From Wikipedia, the free encyclopedia
Jump to navigation Jump to search

The Videofreex were a pioneering video collective who used the Sony Portapak for countercultural video projects from 1969 to 1978. They were founded in 1969 by David Cort, Mary Curtis Ratcliff and Parry Teasdale, after Cort and Teasdale met each other at the Woodstock Music Festival. They were based out of a 17 bedroom house in the Catskill Mountains named the Maple Tree Farm. In order to receive an initial grant of $40,000 from The New York State Council of the Arts, the Videofreex rebranded itself as the non-profit "Media Bus".[1][2][3]

Michael Shamberg, author of Guerrilla Television and founding member of TVTV, remarked, "The Freex are the most production oriented of the video groups […] in terms of finished, cleanly edited, high quality tape, which is generally quite entertaining, the Videofreex are clearly the best."[2]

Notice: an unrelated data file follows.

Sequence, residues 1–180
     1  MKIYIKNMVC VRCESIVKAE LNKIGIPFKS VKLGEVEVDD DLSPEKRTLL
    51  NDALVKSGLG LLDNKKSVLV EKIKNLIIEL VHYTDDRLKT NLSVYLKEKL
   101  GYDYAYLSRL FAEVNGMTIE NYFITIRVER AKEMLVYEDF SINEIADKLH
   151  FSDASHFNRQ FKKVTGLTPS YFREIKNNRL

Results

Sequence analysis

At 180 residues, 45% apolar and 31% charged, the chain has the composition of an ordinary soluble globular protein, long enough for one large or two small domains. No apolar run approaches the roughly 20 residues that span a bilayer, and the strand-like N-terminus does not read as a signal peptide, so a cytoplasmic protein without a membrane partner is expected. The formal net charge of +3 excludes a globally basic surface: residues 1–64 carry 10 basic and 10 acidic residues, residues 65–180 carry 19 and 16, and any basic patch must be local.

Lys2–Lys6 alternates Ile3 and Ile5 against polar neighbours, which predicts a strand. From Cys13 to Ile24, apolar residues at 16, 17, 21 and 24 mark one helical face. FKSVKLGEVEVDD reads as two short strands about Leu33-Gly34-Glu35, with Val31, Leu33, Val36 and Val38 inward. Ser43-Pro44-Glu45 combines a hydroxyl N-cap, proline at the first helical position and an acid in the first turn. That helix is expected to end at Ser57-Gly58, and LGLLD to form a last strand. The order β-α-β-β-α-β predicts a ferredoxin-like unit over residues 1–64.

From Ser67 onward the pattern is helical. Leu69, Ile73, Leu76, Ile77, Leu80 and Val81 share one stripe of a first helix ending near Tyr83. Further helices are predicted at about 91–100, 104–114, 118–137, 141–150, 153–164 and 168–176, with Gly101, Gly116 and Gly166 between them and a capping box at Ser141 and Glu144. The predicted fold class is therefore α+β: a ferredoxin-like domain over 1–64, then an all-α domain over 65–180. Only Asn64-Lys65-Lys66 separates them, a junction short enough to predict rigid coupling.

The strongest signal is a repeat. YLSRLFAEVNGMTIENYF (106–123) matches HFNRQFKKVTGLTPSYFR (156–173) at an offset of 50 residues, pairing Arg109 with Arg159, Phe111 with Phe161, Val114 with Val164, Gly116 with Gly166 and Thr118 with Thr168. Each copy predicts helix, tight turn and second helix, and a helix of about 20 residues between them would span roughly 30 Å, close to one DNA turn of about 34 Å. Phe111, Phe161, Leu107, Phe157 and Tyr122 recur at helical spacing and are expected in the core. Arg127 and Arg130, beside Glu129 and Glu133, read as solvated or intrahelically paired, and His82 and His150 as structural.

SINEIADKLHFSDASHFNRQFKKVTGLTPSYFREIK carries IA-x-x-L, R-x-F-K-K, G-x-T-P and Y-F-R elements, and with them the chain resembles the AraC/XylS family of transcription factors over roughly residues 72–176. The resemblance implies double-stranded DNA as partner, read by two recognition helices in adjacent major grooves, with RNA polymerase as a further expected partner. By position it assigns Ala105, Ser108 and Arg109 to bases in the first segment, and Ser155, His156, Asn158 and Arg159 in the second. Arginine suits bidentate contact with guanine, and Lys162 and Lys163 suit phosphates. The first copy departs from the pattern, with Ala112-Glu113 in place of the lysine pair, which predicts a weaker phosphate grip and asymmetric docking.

Mirroring the beliefs outlined in Guerrilla Television, they believed they could turn the medium of television, at the time dominated by The "Big Three" Television Networks, into a more democratic medium and in 1972 they launched the first pirate television station, Lanesville TV, using a transmitter given to them by Abbie Hoffman.[4]

The Videofreex Archive, containing more than 1,500 original tapes, is housed at the Video Data Bank. Work is underway to preserve important titles from the Archive and make them available through distribution.[5]



  1. ^ Teasdale, Parry. America's First Pirate TV Station & the Catskills Collective That Turned it On. Black Dome Press Corps.
  2. ^ a b "Videofreex". Archived from the original on August 18, 2010. Retrieved May 6, 2010.
  3. ^ HODARA, SUSAN (28 February 2015). "Before YouTube, Experimenting With Video". The New York Times. Retrieved 29 March 2015.
  4. ^ MICHEL, KAREN (22 March 2015). "Decades Before YouTube, Video Pioneers Captured Turbulent Era". NPR. Retrieved 29 March 2015.
  5. ^ "Videofreex Archives". Video Data Bank. Retrieved 29 March 2015.

External links[edit]